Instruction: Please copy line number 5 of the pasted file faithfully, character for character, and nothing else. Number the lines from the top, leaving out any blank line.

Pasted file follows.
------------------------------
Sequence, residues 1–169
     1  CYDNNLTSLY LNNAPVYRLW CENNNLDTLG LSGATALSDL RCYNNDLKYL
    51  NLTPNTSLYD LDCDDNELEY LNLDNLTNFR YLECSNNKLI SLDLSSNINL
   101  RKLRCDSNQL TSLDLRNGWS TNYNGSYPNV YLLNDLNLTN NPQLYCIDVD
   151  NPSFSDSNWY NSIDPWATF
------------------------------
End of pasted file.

   151  NPSFSDSNWY NSIDPWATF